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Looking at the Bellevue skyline from Seattle across the waters of Lake Washington, filled with 50-story towers, it is difficult to imagine that not too many decades ago it was a tiny hamlet. A sort of American Dubai, the urban center of Bellevue virtually came from whole cloth over a span of 30 years. But not unlike similar communities—such as Tysons Corner, Virginia; Bethesda, Maryland; Stamford, Connecticut; and Glendale, California—its transformation was both accidental and intentional, a convergence of geography, demographic change, and measured public policy. What took most suburbs well over a hundred years to achieve—the classic urban attributes of size, density, and diversity—these cities acquired in less than 50 years. Each one has its own unique story; this is Bellevue’s.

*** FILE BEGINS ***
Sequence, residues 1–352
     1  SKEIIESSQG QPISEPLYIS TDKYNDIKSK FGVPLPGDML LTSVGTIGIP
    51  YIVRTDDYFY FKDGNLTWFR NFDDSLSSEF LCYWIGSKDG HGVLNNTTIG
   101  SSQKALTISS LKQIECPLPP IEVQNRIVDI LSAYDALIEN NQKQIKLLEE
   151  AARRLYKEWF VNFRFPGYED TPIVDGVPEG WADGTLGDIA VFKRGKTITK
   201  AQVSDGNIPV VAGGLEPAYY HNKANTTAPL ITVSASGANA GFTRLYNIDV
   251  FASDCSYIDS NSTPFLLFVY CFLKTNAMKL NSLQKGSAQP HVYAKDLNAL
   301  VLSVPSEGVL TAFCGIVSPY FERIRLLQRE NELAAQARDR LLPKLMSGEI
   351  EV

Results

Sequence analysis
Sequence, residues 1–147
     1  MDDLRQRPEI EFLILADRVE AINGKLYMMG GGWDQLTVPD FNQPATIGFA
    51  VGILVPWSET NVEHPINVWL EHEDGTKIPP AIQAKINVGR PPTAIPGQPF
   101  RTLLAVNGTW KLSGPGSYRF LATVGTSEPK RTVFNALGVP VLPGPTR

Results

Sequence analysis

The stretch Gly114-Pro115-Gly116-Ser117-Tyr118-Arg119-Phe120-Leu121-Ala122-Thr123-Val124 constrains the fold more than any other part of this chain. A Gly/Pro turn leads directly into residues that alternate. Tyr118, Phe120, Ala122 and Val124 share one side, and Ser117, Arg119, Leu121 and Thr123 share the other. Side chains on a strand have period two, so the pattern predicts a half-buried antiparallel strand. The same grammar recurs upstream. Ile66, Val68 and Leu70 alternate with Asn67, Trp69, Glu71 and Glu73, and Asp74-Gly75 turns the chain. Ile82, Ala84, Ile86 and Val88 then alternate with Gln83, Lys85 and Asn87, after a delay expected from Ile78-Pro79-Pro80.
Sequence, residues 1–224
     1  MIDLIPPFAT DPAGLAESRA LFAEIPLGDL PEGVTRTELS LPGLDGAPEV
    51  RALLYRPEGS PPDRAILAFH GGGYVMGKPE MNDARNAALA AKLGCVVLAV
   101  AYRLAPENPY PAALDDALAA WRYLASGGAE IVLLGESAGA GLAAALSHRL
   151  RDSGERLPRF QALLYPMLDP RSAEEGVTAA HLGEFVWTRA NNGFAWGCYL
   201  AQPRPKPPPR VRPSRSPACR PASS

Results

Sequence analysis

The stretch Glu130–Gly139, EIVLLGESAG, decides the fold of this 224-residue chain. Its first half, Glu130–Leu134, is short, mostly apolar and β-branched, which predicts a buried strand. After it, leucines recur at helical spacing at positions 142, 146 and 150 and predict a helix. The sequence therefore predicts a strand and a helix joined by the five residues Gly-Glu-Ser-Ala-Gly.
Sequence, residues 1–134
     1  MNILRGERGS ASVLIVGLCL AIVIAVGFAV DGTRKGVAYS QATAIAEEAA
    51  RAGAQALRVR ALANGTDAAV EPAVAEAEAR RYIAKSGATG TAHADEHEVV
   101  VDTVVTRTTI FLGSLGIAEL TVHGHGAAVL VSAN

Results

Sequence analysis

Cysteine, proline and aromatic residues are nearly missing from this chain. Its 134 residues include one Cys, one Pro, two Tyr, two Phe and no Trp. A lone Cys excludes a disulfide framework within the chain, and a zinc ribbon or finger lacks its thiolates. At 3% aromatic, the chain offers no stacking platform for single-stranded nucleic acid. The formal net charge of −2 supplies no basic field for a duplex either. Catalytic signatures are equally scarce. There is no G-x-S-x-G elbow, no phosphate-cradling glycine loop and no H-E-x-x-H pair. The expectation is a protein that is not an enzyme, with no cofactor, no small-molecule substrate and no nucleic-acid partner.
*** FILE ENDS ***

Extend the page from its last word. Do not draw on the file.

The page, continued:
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In describing Bellevue’s transformation, the author drew from the following two publications, in addition to his own early participation and subsequent observations:
Cervero, Robert, America’s Suburban Centers: The Land Use–Transportation Link (Boston: Unwin Hyman Press, 1989); Shoup, Donald, The High Cost of Free Parking (Chicago: APA Planners Press, 2005, revised 2011).
- From Village to City
- Island Press/Center for Resource Economics